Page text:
By use of existing information infrastructure (e.g. email), education, and incentives, an entire organization can become a source for gathering market as well as competitive information. A good example is one Fortune 500 Company that offers its sales officers a monetary incentive to turn in competitive tips that can be acquired from some customer sites and resellers locations.
The officers were said to have come across pre-introduction beta or evaluation products in customer’s sites. These first looks at competitive products can be very useful in planning pre-emptive actions to assail new products from one’s competitors.
Gathering the data, however, is not enough. There has to be stringent analysis and insightful reporting for the data to become useful information. For the Market Intelligence to be used, different types of data e.g. market share, cost data, competitor product, etc. should be used as information which will aid the decision makers in decision making. That is the ultimate test of the data analysis.
Another fundamental aspect is having the right information infrastructure to deal with the flow of information in and out of the analytical team and to ensure that minimal manual intervention is used to process the data. For example, in several instances, the market share data furnished by great market data providers such as DataQuest is usually not in the right format or is not defined in a useful way as to be the ultimate decision-maker in marketing.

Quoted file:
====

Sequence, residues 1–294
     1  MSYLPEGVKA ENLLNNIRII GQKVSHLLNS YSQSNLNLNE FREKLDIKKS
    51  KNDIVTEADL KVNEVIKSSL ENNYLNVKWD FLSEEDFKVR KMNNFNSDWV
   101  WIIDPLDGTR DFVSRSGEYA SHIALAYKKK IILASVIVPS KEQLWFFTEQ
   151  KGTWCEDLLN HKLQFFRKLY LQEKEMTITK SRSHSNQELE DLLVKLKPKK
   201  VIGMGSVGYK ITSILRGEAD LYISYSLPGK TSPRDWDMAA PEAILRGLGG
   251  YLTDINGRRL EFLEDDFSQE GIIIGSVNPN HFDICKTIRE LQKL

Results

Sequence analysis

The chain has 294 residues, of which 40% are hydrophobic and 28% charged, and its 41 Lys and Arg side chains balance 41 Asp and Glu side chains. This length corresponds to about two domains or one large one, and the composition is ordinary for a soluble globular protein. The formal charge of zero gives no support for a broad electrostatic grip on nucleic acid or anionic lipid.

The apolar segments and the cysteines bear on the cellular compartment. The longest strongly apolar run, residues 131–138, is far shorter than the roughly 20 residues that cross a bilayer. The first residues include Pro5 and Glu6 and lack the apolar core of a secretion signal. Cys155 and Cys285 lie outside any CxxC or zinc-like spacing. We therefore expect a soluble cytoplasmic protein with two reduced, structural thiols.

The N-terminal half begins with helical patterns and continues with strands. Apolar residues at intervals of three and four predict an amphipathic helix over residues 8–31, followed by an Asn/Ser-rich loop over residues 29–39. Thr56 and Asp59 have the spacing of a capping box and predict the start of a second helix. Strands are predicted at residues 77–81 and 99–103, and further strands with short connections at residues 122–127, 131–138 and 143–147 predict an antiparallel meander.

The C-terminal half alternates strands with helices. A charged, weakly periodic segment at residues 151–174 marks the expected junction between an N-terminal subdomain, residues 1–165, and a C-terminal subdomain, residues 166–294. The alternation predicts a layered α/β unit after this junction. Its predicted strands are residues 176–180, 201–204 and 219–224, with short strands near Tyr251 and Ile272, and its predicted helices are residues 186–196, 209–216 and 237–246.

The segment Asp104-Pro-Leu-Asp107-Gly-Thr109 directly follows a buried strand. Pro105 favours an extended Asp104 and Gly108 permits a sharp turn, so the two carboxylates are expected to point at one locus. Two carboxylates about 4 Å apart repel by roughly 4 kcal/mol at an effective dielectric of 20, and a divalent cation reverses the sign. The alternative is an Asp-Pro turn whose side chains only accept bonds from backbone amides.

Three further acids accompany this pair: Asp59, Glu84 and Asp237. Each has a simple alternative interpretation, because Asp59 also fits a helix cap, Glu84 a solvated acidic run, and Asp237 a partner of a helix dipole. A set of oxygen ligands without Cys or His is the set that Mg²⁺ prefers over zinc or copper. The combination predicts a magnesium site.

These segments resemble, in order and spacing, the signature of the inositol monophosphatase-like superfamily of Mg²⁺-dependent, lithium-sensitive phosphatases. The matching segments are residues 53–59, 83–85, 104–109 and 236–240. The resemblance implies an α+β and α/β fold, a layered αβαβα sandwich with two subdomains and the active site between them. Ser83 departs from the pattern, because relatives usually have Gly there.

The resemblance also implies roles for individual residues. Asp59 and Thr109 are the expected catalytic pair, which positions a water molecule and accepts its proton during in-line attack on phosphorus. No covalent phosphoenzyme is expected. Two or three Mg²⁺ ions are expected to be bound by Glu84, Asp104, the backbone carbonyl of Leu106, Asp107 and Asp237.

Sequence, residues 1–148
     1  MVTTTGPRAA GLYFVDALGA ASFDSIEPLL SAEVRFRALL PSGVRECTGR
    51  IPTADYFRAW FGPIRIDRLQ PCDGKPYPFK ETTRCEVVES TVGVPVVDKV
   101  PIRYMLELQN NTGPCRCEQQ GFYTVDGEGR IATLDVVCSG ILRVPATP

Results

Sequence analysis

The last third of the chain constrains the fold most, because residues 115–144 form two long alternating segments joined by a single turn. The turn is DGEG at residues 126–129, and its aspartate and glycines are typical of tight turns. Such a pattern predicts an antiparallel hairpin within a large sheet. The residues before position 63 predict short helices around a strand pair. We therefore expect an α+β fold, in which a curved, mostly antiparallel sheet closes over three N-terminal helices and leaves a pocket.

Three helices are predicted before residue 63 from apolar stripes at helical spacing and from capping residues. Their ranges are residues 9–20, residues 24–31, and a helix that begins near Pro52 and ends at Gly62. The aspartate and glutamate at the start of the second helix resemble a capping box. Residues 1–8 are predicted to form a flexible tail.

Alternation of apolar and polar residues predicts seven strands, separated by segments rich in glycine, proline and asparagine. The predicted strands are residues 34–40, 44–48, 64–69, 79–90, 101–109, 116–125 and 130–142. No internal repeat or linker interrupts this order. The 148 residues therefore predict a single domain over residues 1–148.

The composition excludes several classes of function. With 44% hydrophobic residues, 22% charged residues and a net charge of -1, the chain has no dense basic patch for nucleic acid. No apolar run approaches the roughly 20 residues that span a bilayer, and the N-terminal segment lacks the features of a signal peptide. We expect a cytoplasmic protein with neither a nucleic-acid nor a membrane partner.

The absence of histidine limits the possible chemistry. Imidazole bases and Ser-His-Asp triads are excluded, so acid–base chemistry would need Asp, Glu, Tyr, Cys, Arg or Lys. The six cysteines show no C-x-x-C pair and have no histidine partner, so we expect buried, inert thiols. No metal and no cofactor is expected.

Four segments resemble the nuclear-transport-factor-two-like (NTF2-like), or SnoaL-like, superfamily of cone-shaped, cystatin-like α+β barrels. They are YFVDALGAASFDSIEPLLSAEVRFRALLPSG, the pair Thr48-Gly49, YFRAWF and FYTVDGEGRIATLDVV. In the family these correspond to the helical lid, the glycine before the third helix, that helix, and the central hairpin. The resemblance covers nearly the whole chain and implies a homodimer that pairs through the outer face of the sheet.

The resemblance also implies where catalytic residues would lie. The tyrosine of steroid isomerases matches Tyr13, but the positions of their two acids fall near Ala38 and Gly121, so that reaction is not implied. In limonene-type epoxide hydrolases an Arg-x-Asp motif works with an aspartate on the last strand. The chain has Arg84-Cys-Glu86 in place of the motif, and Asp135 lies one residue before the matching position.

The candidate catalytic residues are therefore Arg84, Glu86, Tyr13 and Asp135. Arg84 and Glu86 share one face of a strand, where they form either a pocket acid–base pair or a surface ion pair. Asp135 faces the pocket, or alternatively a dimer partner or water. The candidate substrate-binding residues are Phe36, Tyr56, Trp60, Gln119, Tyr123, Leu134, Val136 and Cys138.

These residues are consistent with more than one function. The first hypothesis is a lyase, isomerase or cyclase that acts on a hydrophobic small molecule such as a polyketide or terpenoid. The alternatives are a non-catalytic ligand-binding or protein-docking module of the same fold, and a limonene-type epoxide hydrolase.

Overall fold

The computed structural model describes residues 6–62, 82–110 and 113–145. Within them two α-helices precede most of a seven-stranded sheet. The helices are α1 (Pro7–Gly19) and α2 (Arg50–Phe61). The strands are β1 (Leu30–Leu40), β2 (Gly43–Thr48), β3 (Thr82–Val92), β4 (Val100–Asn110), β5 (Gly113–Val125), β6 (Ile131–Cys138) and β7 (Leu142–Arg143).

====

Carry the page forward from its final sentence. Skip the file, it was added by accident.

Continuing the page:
It could be in form of product segmentation based on PC’s processor speed, while the decision-maker uses customer types based segments. An investment is therefore required in order to develop a database that converts the data providers segments into the decision-maker used segments.
Without this automation investment, an experienced Market Analyst will be forced to spend a huge amount of time making manual conversions using pivot tables, spreadsheets, and PowerPoint slides which are an ineffective use of important market intelligence resources.
Finally, it is very vital that the Market Intelligence group has direct access to top decision-makers. More often than not, the decision-makers believe that Market Intelligence has little value in comparison to their gut instincts. Low perceived values by the decision-makers have often been as a result of low impact market intelligence provided to the Market Intelligence organizations.
In worse case scenarios, it can be the result of past missed expectations resulting in low credibility for the Market Intelligence organization. A better access to decision-makers by the Market Intelligence teams will result in better analysis and information being provided to the decision-makers thus leading to quality decision making.
Contact us today to scale through a data-driven marketing approach.